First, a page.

In an attempt to articulate the “big idea” of Paul’s first letter to the church in Thessalonica, one author has written the following:
Impressed by the faithfulness of the Thessalonians in the face of persecution, Paul wrote to encourage the Christians in that community with the goal that they would continue to grow in godliness. Paul knew that the people had been exposed to errant teaching from those in opposition to the way of Jesus Christ and the grace of God. And Paul also understood that unless the young church continued to mature in its faith, the danger would only increase over time.
With that in mind, Paul taught the people that any spiritual growth would ultimately be motivated by their hope in the ultimate return of Jesus Christ. Paul was never interested in simply telling people to pull themselves up by their bootstraps, for he knew that what ultimately inspired change was a life of consistently walking in the power of God’s Spirit. And so to a group of young Christians with questions and uncertainties, Paul offered the hope of Christ’s return, providing both comfort in the midst of questions and motivation to godly living.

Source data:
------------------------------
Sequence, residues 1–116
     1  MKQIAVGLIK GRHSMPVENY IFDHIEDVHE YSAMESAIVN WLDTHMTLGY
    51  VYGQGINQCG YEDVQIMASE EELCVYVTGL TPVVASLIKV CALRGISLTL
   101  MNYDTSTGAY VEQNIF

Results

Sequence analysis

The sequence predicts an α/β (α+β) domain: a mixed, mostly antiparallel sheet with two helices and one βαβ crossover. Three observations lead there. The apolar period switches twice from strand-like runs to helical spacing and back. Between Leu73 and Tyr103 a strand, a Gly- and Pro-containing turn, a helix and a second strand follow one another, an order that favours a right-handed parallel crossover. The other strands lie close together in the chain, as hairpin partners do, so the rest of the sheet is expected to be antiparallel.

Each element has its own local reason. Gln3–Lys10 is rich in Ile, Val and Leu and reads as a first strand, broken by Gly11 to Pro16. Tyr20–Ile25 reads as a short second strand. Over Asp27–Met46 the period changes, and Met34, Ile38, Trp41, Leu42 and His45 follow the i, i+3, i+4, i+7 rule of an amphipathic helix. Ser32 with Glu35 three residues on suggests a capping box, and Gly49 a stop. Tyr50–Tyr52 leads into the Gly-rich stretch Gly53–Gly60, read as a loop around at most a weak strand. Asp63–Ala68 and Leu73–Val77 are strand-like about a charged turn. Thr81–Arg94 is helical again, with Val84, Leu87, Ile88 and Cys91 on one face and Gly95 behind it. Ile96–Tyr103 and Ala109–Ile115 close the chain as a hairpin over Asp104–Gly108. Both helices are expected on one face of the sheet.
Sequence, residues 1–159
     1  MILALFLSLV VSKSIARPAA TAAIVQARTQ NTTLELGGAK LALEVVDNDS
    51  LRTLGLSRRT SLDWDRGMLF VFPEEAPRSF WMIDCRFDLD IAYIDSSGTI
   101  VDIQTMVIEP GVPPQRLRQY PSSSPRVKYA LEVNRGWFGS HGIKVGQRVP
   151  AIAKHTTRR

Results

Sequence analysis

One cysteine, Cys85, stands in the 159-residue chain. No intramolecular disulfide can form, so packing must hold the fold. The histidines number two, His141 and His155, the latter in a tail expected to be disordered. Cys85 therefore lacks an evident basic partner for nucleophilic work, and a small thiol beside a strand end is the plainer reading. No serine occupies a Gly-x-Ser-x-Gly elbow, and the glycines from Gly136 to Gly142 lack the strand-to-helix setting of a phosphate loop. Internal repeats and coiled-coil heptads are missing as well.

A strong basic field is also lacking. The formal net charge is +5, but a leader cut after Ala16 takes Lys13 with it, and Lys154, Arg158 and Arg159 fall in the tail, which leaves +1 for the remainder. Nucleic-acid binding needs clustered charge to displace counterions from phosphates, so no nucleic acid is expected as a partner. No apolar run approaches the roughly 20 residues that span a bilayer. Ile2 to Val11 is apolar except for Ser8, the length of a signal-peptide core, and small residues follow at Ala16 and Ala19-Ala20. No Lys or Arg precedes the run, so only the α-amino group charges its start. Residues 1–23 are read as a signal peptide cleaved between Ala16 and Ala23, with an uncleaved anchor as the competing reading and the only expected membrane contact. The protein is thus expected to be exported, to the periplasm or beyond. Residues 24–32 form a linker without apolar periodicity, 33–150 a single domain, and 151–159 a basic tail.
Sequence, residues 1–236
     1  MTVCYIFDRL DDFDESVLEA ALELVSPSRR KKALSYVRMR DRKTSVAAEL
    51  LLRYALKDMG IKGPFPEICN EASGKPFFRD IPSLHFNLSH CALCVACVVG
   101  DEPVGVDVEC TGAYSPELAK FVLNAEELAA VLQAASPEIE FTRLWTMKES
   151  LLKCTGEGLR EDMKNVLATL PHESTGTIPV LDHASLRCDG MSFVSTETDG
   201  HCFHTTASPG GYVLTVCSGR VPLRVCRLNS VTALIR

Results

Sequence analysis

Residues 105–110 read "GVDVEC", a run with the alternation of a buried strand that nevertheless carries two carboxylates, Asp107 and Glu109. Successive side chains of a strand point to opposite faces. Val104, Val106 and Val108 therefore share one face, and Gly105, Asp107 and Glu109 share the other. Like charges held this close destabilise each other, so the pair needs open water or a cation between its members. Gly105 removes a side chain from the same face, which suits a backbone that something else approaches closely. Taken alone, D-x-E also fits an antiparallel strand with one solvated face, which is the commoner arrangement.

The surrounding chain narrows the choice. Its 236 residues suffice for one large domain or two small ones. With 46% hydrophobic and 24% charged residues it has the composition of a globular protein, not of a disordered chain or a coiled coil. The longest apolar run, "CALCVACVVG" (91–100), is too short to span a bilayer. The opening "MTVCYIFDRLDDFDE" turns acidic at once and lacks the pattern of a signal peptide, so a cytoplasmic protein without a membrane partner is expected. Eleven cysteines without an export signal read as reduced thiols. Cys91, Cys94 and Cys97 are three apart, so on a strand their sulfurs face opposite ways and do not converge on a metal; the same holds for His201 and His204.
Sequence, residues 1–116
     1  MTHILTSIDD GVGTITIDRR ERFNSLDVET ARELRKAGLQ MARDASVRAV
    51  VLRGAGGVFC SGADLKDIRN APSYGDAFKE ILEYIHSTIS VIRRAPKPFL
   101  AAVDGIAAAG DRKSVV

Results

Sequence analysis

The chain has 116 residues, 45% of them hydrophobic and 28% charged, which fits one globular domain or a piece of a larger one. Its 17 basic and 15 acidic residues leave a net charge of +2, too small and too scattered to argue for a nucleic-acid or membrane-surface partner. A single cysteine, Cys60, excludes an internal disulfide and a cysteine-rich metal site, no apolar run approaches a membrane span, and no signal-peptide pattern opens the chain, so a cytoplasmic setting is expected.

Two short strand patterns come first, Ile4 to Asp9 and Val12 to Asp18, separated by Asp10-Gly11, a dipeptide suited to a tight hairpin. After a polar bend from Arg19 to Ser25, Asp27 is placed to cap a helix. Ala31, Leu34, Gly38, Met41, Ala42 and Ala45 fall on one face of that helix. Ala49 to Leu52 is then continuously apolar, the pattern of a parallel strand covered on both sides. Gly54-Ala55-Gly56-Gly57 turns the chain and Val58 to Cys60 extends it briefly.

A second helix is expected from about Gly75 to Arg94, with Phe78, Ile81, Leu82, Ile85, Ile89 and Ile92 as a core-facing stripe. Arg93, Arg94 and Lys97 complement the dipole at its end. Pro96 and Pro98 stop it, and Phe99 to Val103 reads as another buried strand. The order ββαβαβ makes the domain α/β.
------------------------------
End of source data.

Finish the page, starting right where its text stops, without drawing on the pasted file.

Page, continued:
The same author, points out why this writing is so important for believers two thousand years later.
Everyone would like to have some insight into what their future holds. How much more so when it comes to the end of the whole world? First Thessalonians provides Christians with the clearest biblical passage on the coming rapture of believers, an event that will inaugurate the seven-year tribulation. At the rapture, Christ will return for His people. The dead in Christ shall rise first, while those still living will follow close behind. All believers will meet Jesus in the air to begin an eternity spent with the Lord (1 Thessalonians 4:16–18).
It’s an encouraging, insightful, and important piece of the biblical account and, to help us better understand and appreciate it, we welcome back to the podcast John Oglesby. John is a husband, father, theologian, and writer. He currently serves as executive vice president and associate professor of transformative learning and leadership at Colorado Biblical University, a subsidiary of AgathonEDU Educational Group.